Price: $50,000.00 Item Number: 106523
"One of the most fascinating regiments in American military history": Rough Rider Sergeant Craig W. Wadsworth's personal collection of of Rough Riders books, letters and photographs; with a first edition of The Rough Riders and typed letter signed by President Theodore Roosevelt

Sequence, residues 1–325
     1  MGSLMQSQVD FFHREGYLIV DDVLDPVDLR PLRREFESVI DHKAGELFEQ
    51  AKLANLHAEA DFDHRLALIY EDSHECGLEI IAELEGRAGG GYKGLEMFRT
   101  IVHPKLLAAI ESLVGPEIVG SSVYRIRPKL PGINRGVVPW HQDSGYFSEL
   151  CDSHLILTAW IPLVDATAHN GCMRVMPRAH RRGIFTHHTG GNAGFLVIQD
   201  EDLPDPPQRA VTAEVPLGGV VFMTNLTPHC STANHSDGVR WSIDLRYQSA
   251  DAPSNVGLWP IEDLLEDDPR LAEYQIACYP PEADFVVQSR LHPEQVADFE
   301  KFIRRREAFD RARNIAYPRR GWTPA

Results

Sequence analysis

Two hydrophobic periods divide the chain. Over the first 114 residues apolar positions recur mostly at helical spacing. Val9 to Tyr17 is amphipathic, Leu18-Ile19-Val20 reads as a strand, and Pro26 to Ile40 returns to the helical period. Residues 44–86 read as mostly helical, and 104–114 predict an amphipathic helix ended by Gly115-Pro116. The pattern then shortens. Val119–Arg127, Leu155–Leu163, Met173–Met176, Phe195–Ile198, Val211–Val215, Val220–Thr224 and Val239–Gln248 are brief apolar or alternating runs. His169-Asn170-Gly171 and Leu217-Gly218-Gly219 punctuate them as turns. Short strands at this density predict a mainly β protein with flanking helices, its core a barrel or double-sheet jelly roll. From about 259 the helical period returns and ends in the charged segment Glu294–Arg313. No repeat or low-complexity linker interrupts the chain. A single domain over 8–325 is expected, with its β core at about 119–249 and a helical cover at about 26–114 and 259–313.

New York: Charles Scribner's Sons, 1899.